The greatest diversity of flavors and types of beer can be found in Belgium, as is portrayed by its Belgian beer and lambic and other beer styles. American brewers also produce many different styles of beer, such as Brown Ale, Amber ale, Blonde Ale, Cream Ale and Red Ale. And some brewers use adjuncts such as chili or oats to make different styles such as oatmeal stout or chili beer. Beer styles, however, are largely irrelevant in the world of beer consumption and appreciation.
Categorising by yeast
A common method of categorising beer is by the behaviour of the yeast used in the fermentation process. In this method of categorising, those beers which use a fast acting yeast which leaves behind residual sugars are termed ales, while those beers which use a slower and longer acting yeast which removes most of the sugars leaving a clean and dry beer are termed lagers.
A modern ale is commonly defined by the strain of yeast used and the fermenting temperature. Ales are normally brewed with top-fermenting yeasts, though a number of British brewers, including Fullers and Weltons, use ale yeast strains that have less pronounced top-fermentation characteristics. The important distinction for ales is that they are fermented at higher temperatures and thus ferment more quickly than lagers. Ale is typically fermented at temperatures between 15 and 24°C (60 and 75°F). At these temperatures, yeast produces significant amounts of esters and other secondary flavour and aroma products, and the result is often a beer with slightly "fruity" compounds resembling but not limited to apple, pear, pineapple, banana, plum, or prune. Typical ales have a sweeter, fuller body than lagers.
Lager is the English name for bottom-fermenting beers of Central European origin, though the term is not used there. They are the most commonlyconsumed beer in the world. The name comes from the German lagern ("to store"). Lager yeast is a bottom-fermenting yeast, and typically undergoes primary fermentation at 7-12 °C (45-55 °F) (the "fermentation phase"), and then is given a long secondary fermentation at 0-4 °C (32-40 °F) (the "lagering phase"). During the secondary stage, the lager clears and mellows. The cooler conditions also inhibit the natural production of esters and other byproducts, resulting in a "crisper" tasting beer.
Modern methods of producing lager were pioneered by Gabriel Sedlmayr the Younger, who perfected dark brown lagers at the Spaten Brewery in Bavaria, and Anton Dreher, who began brewing a lager, probably of amber-red color, in Vienna in 1840–1841. With modern improved yeast strains, most lager breweries use only short periods of cold storage, typically 1–3 weeks. The lagering phase is not restricted to lager beers. In Germany, all beers are stored at low temperatures before consumption; in the British tradition, the practice of Cold Conditioning is similar in nature.
Lambic beers: spontaneous fermentation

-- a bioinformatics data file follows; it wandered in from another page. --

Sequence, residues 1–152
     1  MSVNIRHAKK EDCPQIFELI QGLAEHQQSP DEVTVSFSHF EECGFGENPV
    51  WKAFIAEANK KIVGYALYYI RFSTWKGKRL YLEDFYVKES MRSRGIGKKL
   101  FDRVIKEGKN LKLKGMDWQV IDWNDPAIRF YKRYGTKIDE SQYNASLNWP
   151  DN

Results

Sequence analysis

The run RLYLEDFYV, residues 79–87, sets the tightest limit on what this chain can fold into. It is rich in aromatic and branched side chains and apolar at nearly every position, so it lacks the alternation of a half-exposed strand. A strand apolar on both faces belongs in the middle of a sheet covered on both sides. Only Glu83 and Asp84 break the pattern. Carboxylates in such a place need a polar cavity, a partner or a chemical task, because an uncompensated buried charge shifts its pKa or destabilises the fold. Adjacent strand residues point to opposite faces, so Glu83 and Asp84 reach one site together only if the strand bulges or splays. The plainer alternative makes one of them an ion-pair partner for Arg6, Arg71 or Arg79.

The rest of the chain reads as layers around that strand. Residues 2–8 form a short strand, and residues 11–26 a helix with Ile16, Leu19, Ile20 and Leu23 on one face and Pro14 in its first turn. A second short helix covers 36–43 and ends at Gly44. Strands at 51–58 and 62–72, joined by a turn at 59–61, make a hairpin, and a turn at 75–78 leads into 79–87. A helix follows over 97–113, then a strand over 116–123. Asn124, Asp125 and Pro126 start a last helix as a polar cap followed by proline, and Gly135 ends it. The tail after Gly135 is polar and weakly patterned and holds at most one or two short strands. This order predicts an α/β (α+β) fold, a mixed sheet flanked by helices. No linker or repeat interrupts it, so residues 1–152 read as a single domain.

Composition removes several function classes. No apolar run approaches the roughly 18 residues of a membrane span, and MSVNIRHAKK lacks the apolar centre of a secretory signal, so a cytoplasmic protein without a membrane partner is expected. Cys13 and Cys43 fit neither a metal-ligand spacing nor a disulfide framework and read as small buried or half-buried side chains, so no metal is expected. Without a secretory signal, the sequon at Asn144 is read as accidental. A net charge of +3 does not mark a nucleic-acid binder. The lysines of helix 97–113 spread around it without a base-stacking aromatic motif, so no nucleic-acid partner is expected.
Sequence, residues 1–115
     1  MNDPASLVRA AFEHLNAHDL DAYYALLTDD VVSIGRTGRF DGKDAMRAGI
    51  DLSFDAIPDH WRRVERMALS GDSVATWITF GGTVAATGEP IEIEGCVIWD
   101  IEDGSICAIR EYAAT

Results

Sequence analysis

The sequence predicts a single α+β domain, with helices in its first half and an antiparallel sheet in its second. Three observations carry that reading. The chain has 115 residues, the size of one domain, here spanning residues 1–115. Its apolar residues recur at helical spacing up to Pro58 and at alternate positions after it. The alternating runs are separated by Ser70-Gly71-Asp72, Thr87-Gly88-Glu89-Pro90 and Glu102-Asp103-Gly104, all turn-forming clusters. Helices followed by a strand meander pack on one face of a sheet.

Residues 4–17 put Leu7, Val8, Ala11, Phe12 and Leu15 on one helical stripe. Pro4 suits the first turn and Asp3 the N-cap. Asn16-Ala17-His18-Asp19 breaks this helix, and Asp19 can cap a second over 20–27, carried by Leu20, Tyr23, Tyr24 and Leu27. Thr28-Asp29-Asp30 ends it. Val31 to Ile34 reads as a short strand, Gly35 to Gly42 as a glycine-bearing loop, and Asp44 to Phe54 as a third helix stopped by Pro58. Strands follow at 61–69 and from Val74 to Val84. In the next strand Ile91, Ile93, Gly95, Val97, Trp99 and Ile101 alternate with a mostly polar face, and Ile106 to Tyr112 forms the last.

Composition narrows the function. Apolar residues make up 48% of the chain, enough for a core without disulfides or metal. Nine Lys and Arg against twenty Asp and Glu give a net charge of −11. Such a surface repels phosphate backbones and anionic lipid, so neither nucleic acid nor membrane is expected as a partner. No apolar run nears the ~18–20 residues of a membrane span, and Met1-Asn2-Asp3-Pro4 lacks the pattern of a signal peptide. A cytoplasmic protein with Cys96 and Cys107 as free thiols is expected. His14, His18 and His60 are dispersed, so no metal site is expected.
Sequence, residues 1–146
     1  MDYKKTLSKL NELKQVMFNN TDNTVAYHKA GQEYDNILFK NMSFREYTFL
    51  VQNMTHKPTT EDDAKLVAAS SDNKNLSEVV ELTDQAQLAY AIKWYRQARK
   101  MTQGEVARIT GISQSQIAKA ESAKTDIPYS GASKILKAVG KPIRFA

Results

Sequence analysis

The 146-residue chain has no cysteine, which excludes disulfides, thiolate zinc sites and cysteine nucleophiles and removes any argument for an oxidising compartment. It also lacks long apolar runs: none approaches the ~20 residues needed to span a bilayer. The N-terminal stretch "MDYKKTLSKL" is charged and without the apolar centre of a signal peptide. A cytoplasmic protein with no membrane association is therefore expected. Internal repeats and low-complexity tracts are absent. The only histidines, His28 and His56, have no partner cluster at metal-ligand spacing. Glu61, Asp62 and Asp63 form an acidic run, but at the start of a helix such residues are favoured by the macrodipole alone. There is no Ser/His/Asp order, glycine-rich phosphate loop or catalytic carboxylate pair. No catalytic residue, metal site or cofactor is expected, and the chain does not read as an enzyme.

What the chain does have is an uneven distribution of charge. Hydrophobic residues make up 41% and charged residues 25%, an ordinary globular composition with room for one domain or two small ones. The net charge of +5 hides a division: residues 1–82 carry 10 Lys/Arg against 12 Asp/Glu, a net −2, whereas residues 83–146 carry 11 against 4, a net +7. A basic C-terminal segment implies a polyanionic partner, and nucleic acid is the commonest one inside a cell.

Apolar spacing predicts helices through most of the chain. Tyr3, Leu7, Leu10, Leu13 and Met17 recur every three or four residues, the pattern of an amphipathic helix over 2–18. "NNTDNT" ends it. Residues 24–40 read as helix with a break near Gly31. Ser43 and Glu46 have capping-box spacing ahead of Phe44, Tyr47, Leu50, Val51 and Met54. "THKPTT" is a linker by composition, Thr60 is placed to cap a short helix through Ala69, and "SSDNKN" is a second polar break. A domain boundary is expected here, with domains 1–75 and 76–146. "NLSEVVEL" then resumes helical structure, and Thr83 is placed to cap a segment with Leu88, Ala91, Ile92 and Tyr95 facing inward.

Lambic beers use wild yeasts, rather than cultivated ones. Many of these are not related to brewer's yeast (Saccharomyces), and may have significant differences in aroma and sourness.
Pale and dark beer
The most common color is a pale amber produced from using pale malts. Pale lager is a term used for beers made from malt dried with coke. Coke had been first used for roasting malt in 1642, but it wasn't until around 1703 that the term pale ale was first used. In terms of volume, most of today's beer is based on the pale lager brewed in 1842 in the town of Plzeň, in the Czech Republic. The modern Pilsner lager is light in colour and high in carbonation, with a strong hop flavour and an alcohol by volume content of around 5%. The Pilsner Urquell and Heineken brands of beer are typical examples of pale lager, as are the American brands Budweiser, Coors, and Miller. Dark beers are usually brewed from a pale malt or pils malt base with a small proportion of darker malt added to achieve the desired shade. Other colourants - such as caramel - are also widely used to darken beers. Very dark beers, such as stout, use dark or patent malts. These have been roasted longer. Serving temperature The temperature of a beer has an influence on a drinker's experience. Colder temperatures allow fully attenuated beers such as pale lagers to be enjoyed for their crispness; while warmer temperatures allow the more rounded flavours of an ale or a stout to be perceived. There are no firmly agreed principles for all cases; however, a general approach is that lighter coloured beers, such as pale lagers, are usually enjoyed cold (3945F/4-7C), while dark, strong beers such as Imperial Stouts are often enjoyed at cellar temperature (5461F/12-16C) and then allowed to warm up in the room to individual taste. Other beers should be served at temperatures between these extremes.
Strength The alcohol content of beers varies by local custom. British ales average around 4% abv, while Belgian beers tend to average 8% abv. The strength of the typical global pale lager is 5% abv. Typical brewing yeast cannot reproduce (and therefore cannot produce alcohol) above 12% abv.